Customer Service Skills

Customer Service Training for Managers

Customer service training for managers can be invaluable. You'll learn how to empower your workforce, develop effective customer service feedback and reward systems and build a work culture that delivers on the promise of superior customer service.

Customer service managers have a direct impact on your company's customer relationships.

Customer Service Training for Managers

A good customer service manager recruits, manages and inspires customer service staff to strengthen customer relationships and build a loyal customer base. An ineffective customer service manager, on the other hand, lacks the skills that are necessary to facilitate seamless call center operations.

In a small business, the owner is responsible for providing ongoing training for their managers and key employees. Although it would be convenient to completely offload the responsibility for customer service management to someone else, it's more realistic for owners to take a proactive role in developing a customer service management training program. If you're unsure how to begin, here are several elements to look for in customer service training for managers.

  • Recruiting & retention. Customer service managers are tasked with the jobs of recruiting talented customer service agents and retaining them beyond more than a few months. That's a lot easier said than done, so your managers should be trained in your industry's latest recruitment and retention strategies.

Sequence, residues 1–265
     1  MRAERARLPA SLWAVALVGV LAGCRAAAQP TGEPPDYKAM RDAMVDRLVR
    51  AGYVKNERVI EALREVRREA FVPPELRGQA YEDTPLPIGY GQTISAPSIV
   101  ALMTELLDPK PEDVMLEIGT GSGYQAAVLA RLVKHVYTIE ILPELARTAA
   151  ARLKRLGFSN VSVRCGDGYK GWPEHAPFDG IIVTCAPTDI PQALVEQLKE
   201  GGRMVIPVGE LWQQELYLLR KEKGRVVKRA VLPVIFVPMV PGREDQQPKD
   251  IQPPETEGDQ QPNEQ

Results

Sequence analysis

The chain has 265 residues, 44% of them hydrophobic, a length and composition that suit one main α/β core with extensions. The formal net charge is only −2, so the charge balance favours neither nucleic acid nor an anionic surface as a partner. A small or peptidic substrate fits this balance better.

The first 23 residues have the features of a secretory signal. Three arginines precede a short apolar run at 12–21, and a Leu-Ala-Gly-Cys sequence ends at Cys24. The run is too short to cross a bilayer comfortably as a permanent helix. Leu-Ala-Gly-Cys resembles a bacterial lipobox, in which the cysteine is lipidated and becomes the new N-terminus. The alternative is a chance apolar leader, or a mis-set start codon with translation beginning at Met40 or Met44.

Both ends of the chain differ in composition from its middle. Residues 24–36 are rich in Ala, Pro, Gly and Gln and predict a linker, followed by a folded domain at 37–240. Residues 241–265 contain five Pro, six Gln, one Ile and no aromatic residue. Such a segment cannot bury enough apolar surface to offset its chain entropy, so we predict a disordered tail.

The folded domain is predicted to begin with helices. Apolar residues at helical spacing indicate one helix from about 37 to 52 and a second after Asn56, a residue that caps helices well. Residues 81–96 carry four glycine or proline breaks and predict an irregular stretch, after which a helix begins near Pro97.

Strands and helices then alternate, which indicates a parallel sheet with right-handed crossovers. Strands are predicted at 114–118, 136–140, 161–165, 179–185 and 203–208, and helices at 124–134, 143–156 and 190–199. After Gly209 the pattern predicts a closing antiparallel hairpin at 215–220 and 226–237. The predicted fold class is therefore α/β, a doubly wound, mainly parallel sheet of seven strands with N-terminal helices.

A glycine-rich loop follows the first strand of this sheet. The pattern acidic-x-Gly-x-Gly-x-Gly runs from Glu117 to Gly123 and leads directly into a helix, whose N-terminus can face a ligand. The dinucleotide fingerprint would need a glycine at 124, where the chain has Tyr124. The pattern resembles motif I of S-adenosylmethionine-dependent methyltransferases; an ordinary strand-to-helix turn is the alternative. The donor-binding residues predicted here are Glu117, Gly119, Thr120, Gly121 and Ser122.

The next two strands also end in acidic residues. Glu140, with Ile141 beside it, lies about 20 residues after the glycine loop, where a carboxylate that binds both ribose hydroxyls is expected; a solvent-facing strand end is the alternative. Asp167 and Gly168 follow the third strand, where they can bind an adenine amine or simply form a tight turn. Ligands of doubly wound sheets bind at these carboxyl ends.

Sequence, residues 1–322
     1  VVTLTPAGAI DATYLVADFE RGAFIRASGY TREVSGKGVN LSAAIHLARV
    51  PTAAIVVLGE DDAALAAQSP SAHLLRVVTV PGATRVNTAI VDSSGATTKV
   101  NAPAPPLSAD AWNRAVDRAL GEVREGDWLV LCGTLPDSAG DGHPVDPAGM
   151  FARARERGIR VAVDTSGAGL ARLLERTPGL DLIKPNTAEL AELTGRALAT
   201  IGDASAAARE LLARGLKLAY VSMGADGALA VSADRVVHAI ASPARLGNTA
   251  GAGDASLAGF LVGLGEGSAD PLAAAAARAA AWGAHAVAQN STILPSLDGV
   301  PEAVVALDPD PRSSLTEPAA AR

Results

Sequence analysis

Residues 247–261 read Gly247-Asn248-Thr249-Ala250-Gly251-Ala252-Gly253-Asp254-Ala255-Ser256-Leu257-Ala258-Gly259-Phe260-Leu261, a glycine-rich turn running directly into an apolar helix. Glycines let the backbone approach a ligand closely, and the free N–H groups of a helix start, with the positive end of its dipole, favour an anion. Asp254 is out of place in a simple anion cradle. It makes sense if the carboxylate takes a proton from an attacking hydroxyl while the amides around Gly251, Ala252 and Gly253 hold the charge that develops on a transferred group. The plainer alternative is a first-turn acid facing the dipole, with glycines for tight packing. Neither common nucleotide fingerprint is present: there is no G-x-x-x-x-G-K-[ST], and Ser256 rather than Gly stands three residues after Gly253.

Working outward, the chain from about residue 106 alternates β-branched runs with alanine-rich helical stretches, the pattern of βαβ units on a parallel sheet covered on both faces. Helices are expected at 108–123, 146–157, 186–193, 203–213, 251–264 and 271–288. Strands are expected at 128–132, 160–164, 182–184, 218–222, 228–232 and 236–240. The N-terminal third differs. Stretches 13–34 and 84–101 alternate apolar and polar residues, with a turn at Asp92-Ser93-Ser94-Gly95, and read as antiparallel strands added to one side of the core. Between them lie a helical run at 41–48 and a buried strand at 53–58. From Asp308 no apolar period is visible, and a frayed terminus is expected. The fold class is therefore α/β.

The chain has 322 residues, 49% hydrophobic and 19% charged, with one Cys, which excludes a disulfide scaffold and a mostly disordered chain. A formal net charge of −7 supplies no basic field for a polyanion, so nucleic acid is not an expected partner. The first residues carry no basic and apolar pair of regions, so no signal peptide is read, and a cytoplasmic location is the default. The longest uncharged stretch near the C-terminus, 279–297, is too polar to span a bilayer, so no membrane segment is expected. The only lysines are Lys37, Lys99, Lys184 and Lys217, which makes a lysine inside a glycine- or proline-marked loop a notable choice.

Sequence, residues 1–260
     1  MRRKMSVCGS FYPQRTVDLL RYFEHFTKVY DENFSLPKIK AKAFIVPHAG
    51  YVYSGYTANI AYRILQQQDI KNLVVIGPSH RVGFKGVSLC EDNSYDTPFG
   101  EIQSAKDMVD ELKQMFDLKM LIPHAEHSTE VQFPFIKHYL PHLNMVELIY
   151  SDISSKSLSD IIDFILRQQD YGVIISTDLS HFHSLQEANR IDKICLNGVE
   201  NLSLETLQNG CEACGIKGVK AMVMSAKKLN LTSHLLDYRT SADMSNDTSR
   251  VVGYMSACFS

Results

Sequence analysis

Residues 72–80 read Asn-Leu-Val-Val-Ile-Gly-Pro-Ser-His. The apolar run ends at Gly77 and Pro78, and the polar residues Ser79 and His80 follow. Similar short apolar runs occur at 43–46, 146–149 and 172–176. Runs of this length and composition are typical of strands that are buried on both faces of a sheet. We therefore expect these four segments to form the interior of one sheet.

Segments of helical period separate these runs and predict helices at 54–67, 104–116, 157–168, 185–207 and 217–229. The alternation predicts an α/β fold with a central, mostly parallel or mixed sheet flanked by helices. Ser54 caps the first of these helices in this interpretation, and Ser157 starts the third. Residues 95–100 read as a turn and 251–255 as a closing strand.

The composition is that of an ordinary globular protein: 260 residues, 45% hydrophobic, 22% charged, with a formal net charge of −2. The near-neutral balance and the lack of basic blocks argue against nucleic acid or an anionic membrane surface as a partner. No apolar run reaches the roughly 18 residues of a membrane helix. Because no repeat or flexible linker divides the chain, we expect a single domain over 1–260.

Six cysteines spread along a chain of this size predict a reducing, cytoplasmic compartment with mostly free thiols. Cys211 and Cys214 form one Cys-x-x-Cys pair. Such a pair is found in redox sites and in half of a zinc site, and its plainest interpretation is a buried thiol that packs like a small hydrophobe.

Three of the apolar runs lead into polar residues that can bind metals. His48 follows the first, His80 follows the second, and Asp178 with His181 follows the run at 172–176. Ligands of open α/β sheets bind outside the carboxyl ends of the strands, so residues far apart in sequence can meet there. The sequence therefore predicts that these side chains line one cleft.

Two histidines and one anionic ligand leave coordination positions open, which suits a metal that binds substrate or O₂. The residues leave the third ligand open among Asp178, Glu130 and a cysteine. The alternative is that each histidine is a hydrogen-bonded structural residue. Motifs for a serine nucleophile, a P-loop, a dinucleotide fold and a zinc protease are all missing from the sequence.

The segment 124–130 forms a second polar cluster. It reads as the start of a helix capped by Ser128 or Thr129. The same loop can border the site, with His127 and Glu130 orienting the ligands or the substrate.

• Decision making. Managers are decision makers and the last thing you need is a customer service manager who lacks the confidence to make a decision when it really counts. Equip your managers with resources to improve their decision making skills and create a work environment where it's okay to make mistakes.
  • Conflict management. Managers not only have to handle conflicts with customers, but also internal conflicts that arise between team members. The best managers have been trained to resolve internal and external conflicts in a professional (but firm) manner.
  • Communication. It's hard to imagine how a customer service manager can succeed without good communication skills. If you aren't 100% confident in your management team's ability to clearly communicate with employees and customers, it's time for retraining.
  • Employee motivation. Good customer service managers excel at motivating employees through training programs and everyday interactions. An upbeat attitude goes a long way, but they will also need specific skills to keep your workforce energized and enthusiastic.
  • Evaluation. As a business owner or company executive, you need to be able to pick up the phone and receive accurate evaluations from customer service managers on a moment's notice. That won't happen unless you've trained your managers in staff evaluation and reporting techniques.

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